Aravinda Anantharaman

Koliapani Tea Estate

Advocating Artisan Tea for Smallholders in Assam

The Tea Leaf Theory team is very lean, choosing to remain independent, bootstrapped, refusing certifications, they represent a new kind of startup, modern yet rooted in something traditional, ancient even. There’s the social impact but Tea Leaf Theory is not an NGO working for small farmers. “We want to make them entrepreneurs, not beneficiaries,” say co-founders Upamanyu Borkakoty and Anshuman Bharali.

Temi Tea Pluckers

Sikkim’s Temi Tea

Sikkim’s Temi Tea has protected and sustained its legacy. But it also made this legacy a part of its brand story, one that complements its topnotch tea.

Forest Pick Tea

Forest Pick Wild Tea from Manipur

Three sisters from Manipur, India, and their brother launched Forest Pick Wild Tea about two years ago. Together they organized villagers to harvest tall-grown tea trees on a schedule, arriving with portable processing equipment to make artisan oolong, black, green and white teas. “Irrespective of the market size or market opportunity, Forest Pick Wild Tea is not another start-up, but an eco-system we are creating in which all the villagers participating will benefit.” — Julie Gangte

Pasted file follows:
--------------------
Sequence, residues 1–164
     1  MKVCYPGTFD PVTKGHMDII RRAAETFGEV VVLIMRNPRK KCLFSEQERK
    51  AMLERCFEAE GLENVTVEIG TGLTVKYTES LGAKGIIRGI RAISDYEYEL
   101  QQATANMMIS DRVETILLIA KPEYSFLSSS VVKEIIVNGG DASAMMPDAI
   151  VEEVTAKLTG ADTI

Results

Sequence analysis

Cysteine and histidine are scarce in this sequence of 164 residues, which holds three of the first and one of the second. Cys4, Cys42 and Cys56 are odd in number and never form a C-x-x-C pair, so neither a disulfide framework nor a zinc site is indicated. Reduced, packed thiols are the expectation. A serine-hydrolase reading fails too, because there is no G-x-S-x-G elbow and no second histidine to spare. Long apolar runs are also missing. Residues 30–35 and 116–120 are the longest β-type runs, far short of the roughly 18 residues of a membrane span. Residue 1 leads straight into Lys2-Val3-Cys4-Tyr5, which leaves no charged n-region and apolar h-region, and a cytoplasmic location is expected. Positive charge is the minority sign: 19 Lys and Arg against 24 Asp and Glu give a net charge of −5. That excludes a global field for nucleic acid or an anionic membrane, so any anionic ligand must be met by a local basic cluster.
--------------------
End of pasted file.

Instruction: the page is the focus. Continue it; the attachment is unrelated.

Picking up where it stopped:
The Gentleman Planter of Craigmore

Given that the Indian tea industry is struggling, Craigmore Tea Estate’s profitability offers important insights. The estate produces orthodox green and black tea, with the former exported and the latter sent to the auctions. Over the years, the balance has tilted to favor more green tea production to meet the demand.

The Studio: Muskan Khanna

Tea Studio celebrated its second birthday in August 2019. What it offers is a new model for processing tea in India. Small has not meant few teas. Nearly 90% of Tea Studio’s teas are exported to Canada, United States, Japan, and Australia. Teas are made to order, production is a modest 20 kilos a day.

Forest Pick Wild Tea from Manipur

Three sisters from Manipur, India, and their brother launched Forest Pick Wild Tea about two years ago. Together they organized villagers to harvest tall-grown tea trees on a schedule, arriving with portable processing equipment to make artisan oolong, black, green and white teas. “Irrespective of the market size or market opportunity, Forest Pick Wild Tea is not another start-up, but an eco-system we are creating in which all the villagers participating will benefit.” — Julie Gangte

The Gentleman Planter of Craigmore

Given that the Indian tea industry is struggling, Craigmore Tea Estate’s profitability offers important insights. The estate produces orthodox green and black tea, with the former exported and the latter sent to the auctions. Over the years, the balance has tilted to favor more green tea production to meet the demand.